Psalm 85 invites us to attend to the word of the God of peace, to hear that word of peace, to base our lives on that peace, to speak only that word of peace and to do our small part to help make real that great unforeseeable, unimaginable moment when love and truth embrace, and justice and peace kiss.

But if you go back and read Psalm 85, it does not start that way. I've jumped ahead to the good part. It begins as a lament. It pleads with God to relent, to forgive us, to let go of anger because of our rejection of God's way of love and peace, and to give us the gift of life once again. It begs God to save us from our own our violent self-destruction.

Once, God of peace, you favored your land, restored your faithful people's fortune, forgave their guilt, pardoned all sins, withdrew your wrath and turned away from anger, the psalmist writes. "Restore us once more, God our savior ... Please give us life again, that your people may rejoice in you. Show us, God of peace, your love; grant us your salvation."

Scholars say the psalm evokes the prophetic voices of the post-exilic period, around the fifth century B.C. In other words, it was written the same hopeless, violent, imperial context we suffer through today. In light of our wars, weapons, greed, massacres and environmental destruction, we, too, need to cry out to the God of peace to have mercy on us and help us reclaim the wisdom and sanity of peace and nonviolence.

Certainly, that's my prayer these days. Like many, I spent July 20 mourning those killed and injured during the insane massacre in Colorado. The sick young man who killed and injured all those people just walked into a gun shop and bought weapons of mass destruction and ordered thousands of rounds of ammunition legally online. Toys are regulated, but thanks to the National Rifle Association, weapons intended for mass murder are not.

We have to ban AK-47s, handguns and bullets, but also, drones, Trident submarines, nuclear weapons and every weapon of mass destruction. We have to fight the greed and domination among us that leaves billions in poverty and despair. As we ponder this impossible challenge, we realize once again our need for the God of peace. We sense our complete global rejection of the God of peace and God's gift of peace and turn back on our knees in repentant prayer.

Psalm 85 leads to a whole new kind of prayer, a prayer not just for ourselves individually, but for all humanity:

God of peace: We don't deserve it, but give us your peace anyway. We've rejected your gift of nonviolence, but give us your gift of nonviolence anyway. We've renounced Jesus' Sermon on the Mount, but teach us to live by its principles and practices anyway. Give us the gift of your reign of peace on earth. End our wars in Afghanistan, Yemen and Pakistan. Help us to dismantle our nuclear weapons and weapons of mass destruction. Help us to close the Pentagon, Los Alamos and all our military bases, and to invest instead in nonviolent methods of conflict resolution. Help us to feed the hungry, heal the sick and abolish poverty so the causes of war are eradicated and everyone can live in dignity with equal justice, that we might welcome your reign of peace here on earth. Make us once again, your faithful people, your holy peacemakers.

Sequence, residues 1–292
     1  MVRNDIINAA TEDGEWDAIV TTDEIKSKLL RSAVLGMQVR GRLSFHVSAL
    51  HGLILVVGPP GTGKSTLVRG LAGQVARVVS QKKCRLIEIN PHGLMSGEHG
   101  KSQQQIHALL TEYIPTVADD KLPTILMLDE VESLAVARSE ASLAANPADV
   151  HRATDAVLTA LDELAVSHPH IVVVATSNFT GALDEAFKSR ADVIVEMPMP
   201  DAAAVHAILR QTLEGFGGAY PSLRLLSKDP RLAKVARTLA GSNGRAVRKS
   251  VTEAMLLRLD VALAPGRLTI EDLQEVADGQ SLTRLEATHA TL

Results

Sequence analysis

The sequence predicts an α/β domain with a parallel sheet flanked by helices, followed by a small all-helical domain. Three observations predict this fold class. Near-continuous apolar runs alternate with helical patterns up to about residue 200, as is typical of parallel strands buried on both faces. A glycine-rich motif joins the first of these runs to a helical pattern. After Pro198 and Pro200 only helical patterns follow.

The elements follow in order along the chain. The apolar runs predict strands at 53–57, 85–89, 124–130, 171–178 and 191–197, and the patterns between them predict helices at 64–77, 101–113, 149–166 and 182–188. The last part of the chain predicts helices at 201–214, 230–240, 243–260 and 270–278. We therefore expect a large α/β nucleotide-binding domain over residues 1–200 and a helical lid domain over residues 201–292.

If we can return to the God of peace and pray for God's gift of peace for the whole human race, like Coretta Scott King and the psalmist, we might be given the vision of truth and love embracing, justice and peace kissing. But we have to lament our wars and violence. We have to take up God's way of nonviolence. We have to beg the God of peace for the gift of peace. We have to listen attentively each day for the holy word of peace from the God of peace.

Only then might we be ready for those breakthrough moments when love, truth, justice and peace meet in joyful celebration.


John Dear will speak Aug. 4-5 at Occupy Los Alamos in New Mexico; Aug. 22 at the spirituality festival in Edinburgh, Scotland; and Aug. 26-28 near London at the annual Greenbelt Festival. His new book, Lazarus, Come Forth!, explores Jesus as the God of life calling humanity (in the symbol of the dead Lazarus) out of the tombs of the culture of war and death. To see John's 2012 speaking schedule, go to John Dear's website. John's talk at last year's Sabeel conference in Bethlehem is featured in the new book Challenging Empire. John is profiled with Dan Berrigan and Roy Bourgeois in a new book, Divine Rebels by Deena Guzder (Lawrence Hill Books). This book and other recent books, including Daniel Berrigan: Essential Writings; Put Down Your Sword and A Persistent Peace, are available from